Ragsdale declared that the “vast majority” of religious people are pro-abortion rights, including Roman Catholics who are overshadowed by their anti-abortion hierarchy.
The Rev. Regas was more vitriolic than Ragsdale in denouncing pro-lifers. “Deep in my soul I believe there is something vicious and violent about coercing a woman to carry to term an unwanted child.” Forcing a woman to have a child is “legalized rape,” Regas insisted.
Defrocked United Methodist minister Jimmy Creech, who lost his clergy status after he violated Methodist church law by celebrating a homosexual “wedding,” complained that the church’s sexual ethics were not based on the teachings of Jesus but on “Jewish, non-Christian philosophies.”
“I think it’s because of the women’s movement that we have gotten to the place where we can talk about same-gendered marriage,” Creech said. “The resistance to same-gendered marriage is still that old patriarchal model that contains rigid gender roles that are imposed on all people.”
Carol Shields, who co-chairs People for the American Way, accused Methodist conservatives of exploiting homosexuality to “further a larger and larger schism” in their denomination. They were perpetrating a “big lie,” she alleged. Similarly, conservative Southern Baptists exploited the “big lie” of belief in scriptural inerrancy to facilitate their takeover of the Southern Baptist Convention.
“It ain’t about morals,” Shields assured the crowd. “It’s about these schisms in the church which translate into political secular power …. These people don’t care who gets hurt and praying for them doesn’t help.”
Predictably, several partnership speakers propagated conspiracy theories involving the close presidential election last fall. Barry Lynn of Americans United for the Separation of Church and State revealed that the Religious Right had cut its deal with George W. Bush well before the election. The appointment of John Ashcroft to head the Justice Department was proof enough.
“John Ashcroft is not just a deeply committed Christian,” Lynn said. “John Ashcroft [has said] that Jesus was not just the Lord of his life, which many folks would say is true, but that Jesus was the king of the country.” Lynn doubted that the attorney general would enforce laws that violate his allegedly strident religious views.
Confusion about the country’s founding documents and principles was evident among other speakers. “The last time I read my U. S. Constitution, every person in this country had the right to life, liberty and the pursuit of happiness,” said Episcopal priest and homosexual activist Steven Baines, who was actually quoting the Declaration of Independence. “And no matter whether the person that I choose to love is a man or a woman, if that brings me happiness and I choose to love that person, that is a constitutionally-protected right for every United States citizen.”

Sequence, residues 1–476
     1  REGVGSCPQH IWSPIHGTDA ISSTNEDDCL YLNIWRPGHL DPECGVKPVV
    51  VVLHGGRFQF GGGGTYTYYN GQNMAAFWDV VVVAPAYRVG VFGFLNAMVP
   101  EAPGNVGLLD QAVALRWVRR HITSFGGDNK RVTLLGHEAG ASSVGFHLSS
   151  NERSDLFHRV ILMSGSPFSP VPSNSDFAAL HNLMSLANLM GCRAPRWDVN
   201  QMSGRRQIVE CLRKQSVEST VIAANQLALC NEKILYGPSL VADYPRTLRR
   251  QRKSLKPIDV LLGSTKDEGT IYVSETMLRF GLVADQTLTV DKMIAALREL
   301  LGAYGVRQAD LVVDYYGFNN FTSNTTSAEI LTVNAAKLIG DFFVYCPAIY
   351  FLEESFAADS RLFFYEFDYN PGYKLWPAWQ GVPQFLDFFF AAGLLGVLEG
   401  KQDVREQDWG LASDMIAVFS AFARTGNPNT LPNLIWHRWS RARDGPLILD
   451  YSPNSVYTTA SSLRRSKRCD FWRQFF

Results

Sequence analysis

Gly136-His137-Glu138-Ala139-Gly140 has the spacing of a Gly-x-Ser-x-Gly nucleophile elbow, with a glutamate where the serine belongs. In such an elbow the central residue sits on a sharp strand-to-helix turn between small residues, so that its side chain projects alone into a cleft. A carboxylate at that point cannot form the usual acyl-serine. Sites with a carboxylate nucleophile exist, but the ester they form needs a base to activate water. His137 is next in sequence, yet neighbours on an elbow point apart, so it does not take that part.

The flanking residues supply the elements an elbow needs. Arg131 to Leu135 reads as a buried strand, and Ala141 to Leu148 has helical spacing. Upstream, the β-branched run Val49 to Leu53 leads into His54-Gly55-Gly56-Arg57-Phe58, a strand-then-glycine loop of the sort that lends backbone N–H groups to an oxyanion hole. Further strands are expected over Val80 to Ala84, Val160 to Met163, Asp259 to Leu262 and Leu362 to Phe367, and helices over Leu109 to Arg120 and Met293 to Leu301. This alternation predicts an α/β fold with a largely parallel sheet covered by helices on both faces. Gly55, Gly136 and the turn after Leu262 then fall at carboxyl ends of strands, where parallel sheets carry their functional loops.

Perhaps excelling all other speakers in flamboyance, Union Seminary (New York) professor Hyun Kyung Chung introduced herself as a “recovering terrorist” who used to dream of bombing the U.S. Embassy in her native South Korea. When her equally radical husband became a Christian “fundamentalist,” she was traumatized but did not abandon her politics or her theology. She divorced her husband and launched a career as a radical feminist theologian.
Bemoaning the complacency of middle-aged women in the U. S., Chung had some advice for them. “Maybe we should ask women to stop taking anti-depressants and become a mad woman,” she suggested. “Maybe so mad that we go to the Pentagon and we go to Washington and we go to gun shows and all these armament-making factories,” where women can “smear our menstrual blood and say you should die.”
“We don’t comb our hair,” Chung told a laughing audience. “We don’t wash our hands. We don’t make love to our husbands. We don’t take care of our children. Just become real mad women. It would change America.”
The audience of several hundred partnership supporters was amused and enthused by Chung’s rant.
With the organizational skills of Ralph Neas, the money of Norman Lear, and the antics of Professor Chung, the new Progressive Religious Partnership is bound to make a splash. It is equally bound to be entertaining.
But religious conservatives need not worry too much. It lacks one crucial ingredient: large numbers of devoted churchgoers eager to follow its lead. The kind of rhetoric emanating from Ralph Neas and the other partnership leaders will appeal only to a shrinking left fringe of America’s mainline denominations. The money for the new partnership may come from the secularist constituency of People for the American Way, but the religious masses will not rush to join up.
* Mark Tooley is the executive director of UMAction, a committee of Institute for Religion and Democracy, an independent agency working for renewal in mainline denominations.